In an exclusive in-studio video produced by The New American magazine, veteran educator Mary Black, who testified against Common Core October 3 at a Wisconsin hearing, speaks with fellow educational expert Dr. Duke Pesta about what happened and why the nationalization of education is a bad idea.

To view Mary Black's testimony from the Wisconsin Common Core Hearings in Madison from 10/3/13, click the link below:

More news at:
Freedom Project Education online school:
This is the video report:


Press Release from the Pacific Justice Institute at:, reprinted in full, unedited here:


Teen Boy Harasses Girls in Their Bathroom;

Colo. School Tells Girls They Have No Rights

Florence, Colo.--Attorneys with Pacific Justice Institute sent a strongly-worded letter this afternoon to school officials at Florence High School, warning them against squelching student privacy and speech rights in order to cater to the wishes of a teenage boy who has been entering girls’ bathrooms on campus.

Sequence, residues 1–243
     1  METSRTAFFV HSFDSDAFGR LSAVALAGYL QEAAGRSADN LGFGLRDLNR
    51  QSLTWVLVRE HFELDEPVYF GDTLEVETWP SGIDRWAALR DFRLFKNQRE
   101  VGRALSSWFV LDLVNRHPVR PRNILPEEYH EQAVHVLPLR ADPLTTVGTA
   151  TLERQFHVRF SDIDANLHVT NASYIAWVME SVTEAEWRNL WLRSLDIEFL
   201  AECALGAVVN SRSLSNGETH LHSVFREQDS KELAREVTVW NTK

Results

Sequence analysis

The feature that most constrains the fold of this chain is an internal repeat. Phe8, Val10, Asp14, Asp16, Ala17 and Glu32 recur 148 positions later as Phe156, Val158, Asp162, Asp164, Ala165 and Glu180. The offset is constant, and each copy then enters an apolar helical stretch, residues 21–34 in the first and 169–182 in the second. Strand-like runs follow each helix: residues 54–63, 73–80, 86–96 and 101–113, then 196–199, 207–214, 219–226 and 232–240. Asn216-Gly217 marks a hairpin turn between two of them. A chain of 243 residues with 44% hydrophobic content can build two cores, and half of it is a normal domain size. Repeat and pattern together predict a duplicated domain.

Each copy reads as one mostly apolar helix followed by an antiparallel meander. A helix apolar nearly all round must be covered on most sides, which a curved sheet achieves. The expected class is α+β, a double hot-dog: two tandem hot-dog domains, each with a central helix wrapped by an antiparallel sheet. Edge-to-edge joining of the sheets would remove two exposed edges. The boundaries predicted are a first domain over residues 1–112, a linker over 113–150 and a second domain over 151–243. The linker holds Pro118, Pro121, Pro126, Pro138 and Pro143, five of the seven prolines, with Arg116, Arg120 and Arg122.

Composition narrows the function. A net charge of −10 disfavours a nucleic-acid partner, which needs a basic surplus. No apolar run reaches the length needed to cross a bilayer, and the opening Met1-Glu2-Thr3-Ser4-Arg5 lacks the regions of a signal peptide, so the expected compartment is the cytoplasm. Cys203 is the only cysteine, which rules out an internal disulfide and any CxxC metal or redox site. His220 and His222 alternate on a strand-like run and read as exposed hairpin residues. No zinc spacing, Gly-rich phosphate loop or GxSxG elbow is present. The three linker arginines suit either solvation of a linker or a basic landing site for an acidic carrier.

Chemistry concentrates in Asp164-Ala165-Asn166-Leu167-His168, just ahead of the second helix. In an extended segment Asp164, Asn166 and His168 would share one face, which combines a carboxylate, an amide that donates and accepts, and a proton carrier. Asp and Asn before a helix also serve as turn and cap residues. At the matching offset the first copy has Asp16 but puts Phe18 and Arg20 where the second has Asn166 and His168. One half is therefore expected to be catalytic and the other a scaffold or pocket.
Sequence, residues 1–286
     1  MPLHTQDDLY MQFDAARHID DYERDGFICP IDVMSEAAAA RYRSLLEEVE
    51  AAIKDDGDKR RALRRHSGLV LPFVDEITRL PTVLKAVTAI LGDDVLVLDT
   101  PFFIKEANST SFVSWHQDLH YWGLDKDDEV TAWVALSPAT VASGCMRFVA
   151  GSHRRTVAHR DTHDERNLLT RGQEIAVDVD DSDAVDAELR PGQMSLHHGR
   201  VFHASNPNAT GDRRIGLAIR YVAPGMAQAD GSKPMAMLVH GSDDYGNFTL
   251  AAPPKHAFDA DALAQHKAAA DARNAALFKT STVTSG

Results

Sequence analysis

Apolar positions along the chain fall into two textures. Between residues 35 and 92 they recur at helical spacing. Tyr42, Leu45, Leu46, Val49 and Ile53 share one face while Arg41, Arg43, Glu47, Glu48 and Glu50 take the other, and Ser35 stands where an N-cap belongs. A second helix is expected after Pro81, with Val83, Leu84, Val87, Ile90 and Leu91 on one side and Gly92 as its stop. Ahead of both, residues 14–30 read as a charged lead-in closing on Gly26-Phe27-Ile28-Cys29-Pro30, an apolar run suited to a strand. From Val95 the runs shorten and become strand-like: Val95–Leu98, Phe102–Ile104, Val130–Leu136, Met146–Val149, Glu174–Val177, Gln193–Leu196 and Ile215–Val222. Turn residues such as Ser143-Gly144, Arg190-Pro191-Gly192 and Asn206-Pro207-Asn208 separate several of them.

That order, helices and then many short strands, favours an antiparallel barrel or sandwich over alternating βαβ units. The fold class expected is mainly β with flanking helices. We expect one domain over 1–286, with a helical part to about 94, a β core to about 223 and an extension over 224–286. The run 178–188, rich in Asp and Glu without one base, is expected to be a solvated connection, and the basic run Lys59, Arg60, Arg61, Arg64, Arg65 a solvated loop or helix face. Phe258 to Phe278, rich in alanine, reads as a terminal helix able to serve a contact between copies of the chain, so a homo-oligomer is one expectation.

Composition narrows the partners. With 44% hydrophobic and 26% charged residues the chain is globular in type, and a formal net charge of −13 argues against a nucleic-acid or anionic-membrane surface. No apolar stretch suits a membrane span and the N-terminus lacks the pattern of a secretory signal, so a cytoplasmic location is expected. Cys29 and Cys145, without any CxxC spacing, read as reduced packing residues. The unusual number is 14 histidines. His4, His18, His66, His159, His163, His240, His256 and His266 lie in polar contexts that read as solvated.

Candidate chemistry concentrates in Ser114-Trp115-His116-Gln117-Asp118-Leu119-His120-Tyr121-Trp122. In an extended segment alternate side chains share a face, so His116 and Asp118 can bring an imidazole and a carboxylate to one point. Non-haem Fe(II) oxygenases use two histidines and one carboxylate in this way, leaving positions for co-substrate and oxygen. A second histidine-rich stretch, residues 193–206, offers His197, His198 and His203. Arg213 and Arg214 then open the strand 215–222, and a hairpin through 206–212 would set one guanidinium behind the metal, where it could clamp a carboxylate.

“This is a nightmare scenario for the teenage girls—some of them freshmen—and their parents at this school,” noted PJI staff attorney Matthew McReynolds, who sent the letter to Principal Brian Schipper and Superintendent Rhonda Vendetti. “This is exactly the kind of horror story we have been warning would accompany the push for radical transgender rights in schools, and it is the type of situation that LGBT activits have been insisting would not happen.”